IDEAS home Printed from
MyIDEAS: Log in (now much improved!) to save this paper

Money and Markets:Introduction

Listed author(s):
  • Alberto Giacomin


    (Department of Economics, University Of Venice C� Foscari)

  • Matilde Maria Cristina Marcuzzo

    (University of Rome La Sapienza)

In the history of economic thought the relationship between money and market has been interpreted from two contrasting points of view. On the one hand, money is seen as an instrument created by individuals to overcome the difficulties involved in barter, its basic function being as a medium of exchange, while the other view has it that money developed before the market and that its principal function is that of a standard of value. Evidently, therefore, in the former case the unit of account function is seen to have emerged from a practice (exchange of goods and services) based on the advantages to be had for individuals seeking to maximise their utility, while in the latter case money emerges as a rule adopted by members of the community (the political authorities promoting it and ensuring it be respected) which pre-dates the market. As in the case of money, also for the market two approaches have come into confrontation in the course of the history of economic thought. With the first the market is seen as a column bearing the economies characterised by private property and freedom of enterprise. It represents the means by which members of society democratically come to decisions about the use of resources and distribution of income. In the second approach, on the other hand, the market is seen as the means by which decisions on the use of resources and distribution of income, once taken by the groups enjoying economic command, are passed on to the other members of society to be implemented. In the first case the market lies at the heart of the system and serves to prevent the enjoyment of privileges and position rents by some members of society excluding others, while in the second it merely plays a supporting role for the existing patterns of power.

If you experience problems downloading a file, check if you have the proper application to view it first. In case of further problems read the IDEAS help page. Note that these files are not on the IDEAS site. Please be patient as the files may be large.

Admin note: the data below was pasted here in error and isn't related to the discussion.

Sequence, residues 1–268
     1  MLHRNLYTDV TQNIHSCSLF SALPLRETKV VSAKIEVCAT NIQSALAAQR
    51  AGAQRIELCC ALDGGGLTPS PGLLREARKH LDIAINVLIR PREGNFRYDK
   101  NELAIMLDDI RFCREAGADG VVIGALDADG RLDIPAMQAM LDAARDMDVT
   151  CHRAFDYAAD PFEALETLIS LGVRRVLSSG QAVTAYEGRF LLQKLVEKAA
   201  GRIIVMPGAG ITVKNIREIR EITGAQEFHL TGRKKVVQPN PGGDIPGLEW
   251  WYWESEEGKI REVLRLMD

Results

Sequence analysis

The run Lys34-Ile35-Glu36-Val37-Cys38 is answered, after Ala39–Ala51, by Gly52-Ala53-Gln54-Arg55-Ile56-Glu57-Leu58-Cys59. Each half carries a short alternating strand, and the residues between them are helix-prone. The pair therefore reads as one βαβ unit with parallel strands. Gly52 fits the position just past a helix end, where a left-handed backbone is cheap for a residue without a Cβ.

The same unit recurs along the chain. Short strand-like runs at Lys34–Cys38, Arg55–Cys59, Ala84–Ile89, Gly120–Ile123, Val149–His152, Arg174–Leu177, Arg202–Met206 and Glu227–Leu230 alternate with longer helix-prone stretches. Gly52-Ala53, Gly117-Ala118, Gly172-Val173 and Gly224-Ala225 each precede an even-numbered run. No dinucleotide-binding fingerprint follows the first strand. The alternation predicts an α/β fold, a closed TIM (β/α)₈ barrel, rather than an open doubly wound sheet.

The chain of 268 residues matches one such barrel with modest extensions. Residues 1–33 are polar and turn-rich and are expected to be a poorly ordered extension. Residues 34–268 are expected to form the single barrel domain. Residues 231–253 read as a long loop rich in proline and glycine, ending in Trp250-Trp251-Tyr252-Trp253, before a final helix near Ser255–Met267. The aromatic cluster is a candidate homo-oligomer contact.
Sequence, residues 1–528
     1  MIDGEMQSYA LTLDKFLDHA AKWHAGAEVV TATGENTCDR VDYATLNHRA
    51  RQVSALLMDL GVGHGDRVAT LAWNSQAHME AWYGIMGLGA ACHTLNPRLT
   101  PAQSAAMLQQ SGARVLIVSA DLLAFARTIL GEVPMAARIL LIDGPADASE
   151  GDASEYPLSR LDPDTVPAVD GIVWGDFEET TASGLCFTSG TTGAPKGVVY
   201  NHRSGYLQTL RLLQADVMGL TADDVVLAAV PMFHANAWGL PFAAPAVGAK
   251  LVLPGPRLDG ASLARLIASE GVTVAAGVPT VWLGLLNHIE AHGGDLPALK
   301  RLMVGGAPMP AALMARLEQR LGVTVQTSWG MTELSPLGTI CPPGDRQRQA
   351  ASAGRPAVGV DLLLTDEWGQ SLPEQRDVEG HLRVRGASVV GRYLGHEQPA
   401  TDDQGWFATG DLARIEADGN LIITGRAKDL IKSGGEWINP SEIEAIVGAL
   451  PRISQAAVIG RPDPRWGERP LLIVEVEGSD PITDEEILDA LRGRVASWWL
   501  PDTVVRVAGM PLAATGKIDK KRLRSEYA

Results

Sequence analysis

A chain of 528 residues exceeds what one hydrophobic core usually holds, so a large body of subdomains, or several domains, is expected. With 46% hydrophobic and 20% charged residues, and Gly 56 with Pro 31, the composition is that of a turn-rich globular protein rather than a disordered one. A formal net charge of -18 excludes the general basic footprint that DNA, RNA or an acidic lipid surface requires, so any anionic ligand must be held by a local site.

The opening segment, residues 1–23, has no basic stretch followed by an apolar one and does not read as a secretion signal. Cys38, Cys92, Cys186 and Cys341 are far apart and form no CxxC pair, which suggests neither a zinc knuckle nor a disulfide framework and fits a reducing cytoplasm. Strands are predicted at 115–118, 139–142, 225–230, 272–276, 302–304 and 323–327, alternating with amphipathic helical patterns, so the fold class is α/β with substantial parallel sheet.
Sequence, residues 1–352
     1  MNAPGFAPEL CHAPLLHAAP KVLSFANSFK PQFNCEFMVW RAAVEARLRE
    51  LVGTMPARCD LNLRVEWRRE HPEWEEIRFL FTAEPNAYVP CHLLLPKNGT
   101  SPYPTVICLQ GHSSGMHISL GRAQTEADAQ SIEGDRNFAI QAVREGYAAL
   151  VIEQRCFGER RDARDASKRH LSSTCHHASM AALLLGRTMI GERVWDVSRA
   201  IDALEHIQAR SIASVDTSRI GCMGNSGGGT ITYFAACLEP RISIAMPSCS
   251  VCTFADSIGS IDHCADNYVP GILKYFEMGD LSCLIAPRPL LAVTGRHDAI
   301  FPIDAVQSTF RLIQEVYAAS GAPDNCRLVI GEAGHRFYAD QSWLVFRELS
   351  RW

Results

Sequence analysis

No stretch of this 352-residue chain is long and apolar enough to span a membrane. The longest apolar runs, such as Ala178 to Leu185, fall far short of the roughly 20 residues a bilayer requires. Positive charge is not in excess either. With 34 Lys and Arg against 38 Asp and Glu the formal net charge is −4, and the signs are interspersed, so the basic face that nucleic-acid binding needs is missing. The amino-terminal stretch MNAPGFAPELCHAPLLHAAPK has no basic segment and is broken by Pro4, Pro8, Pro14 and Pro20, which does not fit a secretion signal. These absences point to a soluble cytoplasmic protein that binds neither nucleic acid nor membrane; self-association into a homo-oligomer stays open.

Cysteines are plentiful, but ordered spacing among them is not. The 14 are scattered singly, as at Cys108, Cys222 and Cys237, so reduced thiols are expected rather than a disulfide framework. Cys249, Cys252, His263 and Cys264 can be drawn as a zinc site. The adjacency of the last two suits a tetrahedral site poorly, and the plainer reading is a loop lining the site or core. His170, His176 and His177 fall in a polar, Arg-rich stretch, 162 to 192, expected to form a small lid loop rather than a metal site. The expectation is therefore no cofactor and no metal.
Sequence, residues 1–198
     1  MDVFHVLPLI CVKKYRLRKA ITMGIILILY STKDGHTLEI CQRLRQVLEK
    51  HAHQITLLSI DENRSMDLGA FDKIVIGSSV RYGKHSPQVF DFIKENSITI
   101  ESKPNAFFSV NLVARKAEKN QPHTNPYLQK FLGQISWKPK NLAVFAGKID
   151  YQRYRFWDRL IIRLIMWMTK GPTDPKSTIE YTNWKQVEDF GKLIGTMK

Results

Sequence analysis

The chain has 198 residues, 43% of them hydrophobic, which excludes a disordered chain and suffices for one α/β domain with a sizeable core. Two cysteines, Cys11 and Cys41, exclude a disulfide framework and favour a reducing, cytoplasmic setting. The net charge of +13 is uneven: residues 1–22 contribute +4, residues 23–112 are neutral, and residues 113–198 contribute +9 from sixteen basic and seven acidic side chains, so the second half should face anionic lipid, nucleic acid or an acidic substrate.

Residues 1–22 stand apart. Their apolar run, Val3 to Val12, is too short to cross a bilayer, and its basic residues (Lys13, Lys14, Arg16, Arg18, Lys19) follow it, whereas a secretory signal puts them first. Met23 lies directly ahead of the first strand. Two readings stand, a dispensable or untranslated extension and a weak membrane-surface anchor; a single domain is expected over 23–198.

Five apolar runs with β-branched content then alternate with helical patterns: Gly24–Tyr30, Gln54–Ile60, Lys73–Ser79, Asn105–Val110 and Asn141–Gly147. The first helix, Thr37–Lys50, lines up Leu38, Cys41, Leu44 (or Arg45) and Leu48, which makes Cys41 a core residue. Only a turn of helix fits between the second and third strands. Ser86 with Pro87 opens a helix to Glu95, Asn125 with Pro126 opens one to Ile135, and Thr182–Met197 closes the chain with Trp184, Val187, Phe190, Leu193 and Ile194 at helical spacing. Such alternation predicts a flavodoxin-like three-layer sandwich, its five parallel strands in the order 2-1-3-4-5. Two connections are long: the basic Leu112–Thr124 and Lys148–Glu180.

File URL:
Download Restriction: no

Paper provided by Department of Economics, University of Venice "Ca' Foscari" in its series Working Papers with number 2008_08.

in new window

Length: 15
Date of creation: 2008
Handle: RePEc:ven:wpaper:2008_08
Contact details of provider: Postal:
Cannaregio, S. Giobbe no 873 , 30121 Venezia

Phone: +39-0412349621
Fax: +39-0412349176
Web page:

More information through EDIRC

No references listed on IDEAS
You can help add them by filling out this form.

This item is not listed on Wikipedia, on a reading list or among the top items on IDEAS.

When requesting a correction, please mention this item's handle: RePEc:ven:wpaper:2008_08. See general information about how to correct material in RePEc.

For technical questions regarding this item, or to correct its authors, title, abstract, bibliographic or download information, contact: (Geraldine Ludbrook)

If you have authored this item and are not yet registered with RePEc, we encourage you to do it here. This allows to link your profile to this item. It also allows you to accept potential citations to this item that we are uncertain about.

If references are entirely missing, you can add them using this form.

If the full references list an item that is present in RePEc, but the system did not link to it, you can help with this form.

If you know of missing items citing this one, you can help us creating those links by adding the relevant references in the same way as above, for each refering item. If you are a registered author of this item, you may also want to check the "citations" tab in your profile, as there may be some citations waiting for confirmation.

Please note that corrections may take a couple of weeks to filter through the various RePEc services.

This information is provided to you by IDEAS at the Research Division of the Federal Reserve Bank of St. Louis using RePEc data.